Stovepipes kill progress
One place I worked had a team for every possible discipline. All of whom wanted to be involved in approving every decision, as there was inevitably some aspect that would affect their "patch".
So, to do something as simple as extend a database table needed buy-in from the database team: fair enough. However the server guys could veto the decision, as the databases ran on their servers. Similarly the storage peeps had to be persuaded - as they looked after the spinning stuff and would have to allocate space. Same for the network: as all the data traffic flowed through their wires, so an potential increase needed to be assessed, modelled and impact-analysed. Add in the people who did the backups and service / continuity people and even the smallest change needed the approval of half a dozen or more teams. None of whom were looking at the big picture - merely how they could leverage the situation to get more budget, headcount or cross-charge.
As a consequence nothing ever got done. Nobody could ever agree and there was always someone else to point the finger at if a problem arose. Everyone quickly learned that trying to do pre-emptive maintenance was futile and the simplest way to get things done was to wait until some part of the operation failed, then raise an emergency change to get it working again.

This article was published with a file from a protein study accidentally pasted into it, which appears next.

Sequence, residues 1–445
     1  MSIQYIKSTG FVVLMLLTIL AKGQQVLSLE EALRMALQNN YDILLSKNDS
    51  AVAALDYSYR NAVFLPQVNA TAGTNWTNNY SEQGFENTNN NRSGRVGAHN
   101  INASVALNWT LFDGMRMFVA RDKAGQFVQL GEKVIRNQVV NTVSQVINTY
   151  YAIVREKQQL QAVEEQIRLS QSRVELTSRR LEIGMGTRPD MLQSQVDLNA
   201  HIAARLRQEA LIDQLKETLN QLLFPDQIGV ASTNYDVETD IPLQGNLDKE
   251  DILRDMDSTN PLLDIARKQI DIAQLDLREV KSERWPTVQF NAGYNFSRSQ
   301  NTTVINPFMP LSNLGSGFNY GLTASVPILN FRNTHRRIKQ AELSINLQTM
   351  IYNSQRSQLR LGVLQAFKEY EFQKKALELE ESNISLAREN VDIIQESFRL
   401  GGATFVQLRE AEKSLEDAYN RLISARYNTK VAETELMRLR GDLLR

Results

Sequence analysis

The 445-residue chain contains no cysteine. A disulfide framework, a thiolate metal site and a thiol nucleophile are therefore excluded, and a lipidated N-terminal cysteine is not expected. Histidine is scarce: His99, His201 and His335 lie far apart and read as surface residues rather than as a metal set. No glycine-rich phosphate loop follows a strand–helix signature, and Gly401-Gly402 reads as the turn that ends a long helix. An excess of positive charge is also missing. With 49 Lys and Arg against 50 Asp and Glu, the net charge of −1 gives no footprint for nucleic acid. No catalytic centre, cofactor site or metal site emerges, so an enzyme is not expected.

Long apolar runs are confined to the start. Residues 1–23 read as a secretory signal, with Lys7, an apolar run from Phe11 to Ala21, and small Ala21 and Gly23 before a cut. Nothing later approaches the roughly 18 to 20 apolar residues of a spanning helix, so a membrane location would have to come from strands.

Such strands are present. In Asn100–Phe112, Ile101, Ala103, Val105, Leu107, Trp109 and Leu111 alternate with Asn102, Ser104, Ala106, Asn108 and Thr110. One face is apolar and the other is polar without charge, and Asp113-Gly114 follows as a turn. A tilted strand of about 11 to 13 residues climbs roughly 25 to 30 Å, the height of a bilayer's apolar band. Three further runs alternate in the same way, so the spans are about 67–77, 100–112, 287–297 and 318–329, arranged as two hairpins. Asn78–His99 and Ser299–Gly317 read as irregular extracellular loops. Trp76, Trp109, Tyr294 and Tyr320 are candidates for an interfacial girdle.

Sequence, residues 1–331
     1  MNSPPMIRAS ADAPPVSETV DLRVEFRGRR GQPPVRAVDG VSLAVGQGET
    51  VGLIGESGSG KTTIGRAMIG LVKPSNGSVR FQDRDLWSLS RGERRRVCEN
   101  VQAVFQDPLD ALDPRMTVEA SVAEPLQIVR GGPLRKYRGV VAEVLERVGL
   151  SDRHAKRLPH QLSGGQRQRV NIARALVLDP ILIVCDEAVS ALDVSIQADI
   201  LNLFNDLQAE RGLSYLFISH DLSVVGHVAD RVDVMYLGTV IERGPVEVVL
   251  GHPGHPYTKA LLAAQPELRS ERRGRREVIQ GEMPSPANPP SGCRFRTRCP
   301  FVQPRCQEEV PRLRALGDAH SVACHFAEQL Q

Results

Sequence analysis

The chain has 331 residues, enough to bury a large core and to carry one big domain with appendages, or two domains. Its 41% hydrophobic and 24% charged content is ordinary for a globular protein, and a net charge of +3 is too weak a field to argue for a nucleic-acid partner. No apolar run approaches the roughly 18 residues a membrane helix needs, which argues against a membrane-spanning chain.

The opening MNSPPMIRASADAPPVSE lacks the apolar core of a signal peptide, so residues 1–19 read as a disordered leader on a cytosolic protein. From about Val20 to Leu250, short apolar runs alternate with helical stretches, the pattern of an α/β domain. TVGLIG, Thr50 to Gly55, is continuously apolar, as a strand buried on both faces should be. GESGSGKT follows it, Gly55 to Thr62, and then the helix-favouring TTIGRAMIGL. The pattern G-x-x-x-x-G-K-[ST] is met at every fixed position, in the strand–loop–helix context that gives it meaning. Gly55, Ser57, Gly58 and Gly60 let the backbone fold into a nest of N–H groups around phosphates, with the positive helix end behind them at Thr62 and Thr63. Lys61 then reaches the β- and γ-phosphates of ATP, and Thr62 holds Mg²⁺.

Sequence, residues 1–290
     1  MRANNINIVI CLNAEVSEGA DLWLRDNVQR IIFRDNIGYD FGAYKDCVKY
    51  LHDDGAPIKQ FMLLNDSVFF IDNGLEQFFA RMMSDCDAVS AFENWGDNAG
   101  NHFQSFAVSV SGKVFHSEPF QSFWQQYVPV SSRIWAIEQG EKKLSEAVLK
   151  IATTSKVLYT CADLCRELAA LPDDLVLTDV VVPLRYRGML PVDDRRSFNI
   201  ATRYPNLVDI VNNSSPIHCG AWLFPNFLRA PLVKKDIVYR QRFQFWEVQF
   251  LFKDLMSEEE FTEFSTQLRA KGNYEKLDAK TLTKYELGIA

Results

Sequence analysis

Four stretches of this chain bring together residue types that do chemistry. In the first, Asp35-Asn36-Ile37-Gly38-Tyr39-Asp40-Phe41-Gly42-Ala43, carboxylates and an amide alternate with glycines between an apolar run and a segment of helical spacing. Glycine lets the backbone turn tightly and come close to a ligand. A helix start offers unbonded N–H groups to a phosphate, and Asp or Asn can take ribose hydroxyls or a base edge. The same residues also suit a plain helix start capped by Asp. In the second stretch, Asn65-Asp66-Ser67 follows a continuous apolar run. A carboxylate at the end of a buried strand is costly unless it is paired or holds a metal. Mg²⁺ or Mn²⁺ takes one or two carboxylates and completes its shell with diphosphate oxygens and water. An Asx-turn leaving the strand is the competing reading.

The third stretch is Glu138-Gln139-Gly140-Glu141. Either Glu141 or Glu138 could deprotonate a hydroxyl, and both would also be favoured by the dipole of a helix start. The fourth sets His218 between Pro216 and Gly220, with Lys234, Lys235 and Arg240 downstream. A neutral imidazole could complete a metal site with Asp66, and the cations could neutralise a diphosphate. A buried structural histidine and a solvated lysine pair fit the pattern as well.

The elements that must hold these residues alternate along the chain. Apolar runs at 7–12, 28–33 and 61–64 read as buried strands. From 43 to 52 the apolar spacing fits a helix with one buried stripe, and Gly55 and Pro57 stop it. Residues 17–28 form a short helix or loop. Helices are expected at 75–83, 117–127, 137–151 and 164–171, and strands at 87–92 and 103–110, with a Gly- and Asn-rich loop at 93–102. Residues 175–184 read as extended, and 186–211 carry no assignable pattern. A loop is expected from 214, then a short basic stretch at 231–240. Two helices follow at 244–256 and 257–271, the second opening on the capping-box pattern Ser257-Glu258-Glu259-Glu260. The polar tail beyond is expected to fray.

Sadly this state of affairs arose because of all the problems that the earlier "free for all" organisation had suffered. Some consultants had come in, seen the opportunity and suggested ISO, or BS, or ITIL or whatever other faddy re-organisation would earn them the highest fees. The basic problem was that they were only shuffling the same people around. The people who neither wanted to do any work, nor were interested in what went on outside their little fiefdom, or had any loyalty to the IT department as a whole.
The truth was that any set of processes (or none at all) could have worked, if only the individuals charged with running the operation were motivated, skilled and truly a team. In the end the problem was solved by outsourcing the whole mess, so everybody lost. But at least no individual was to blame.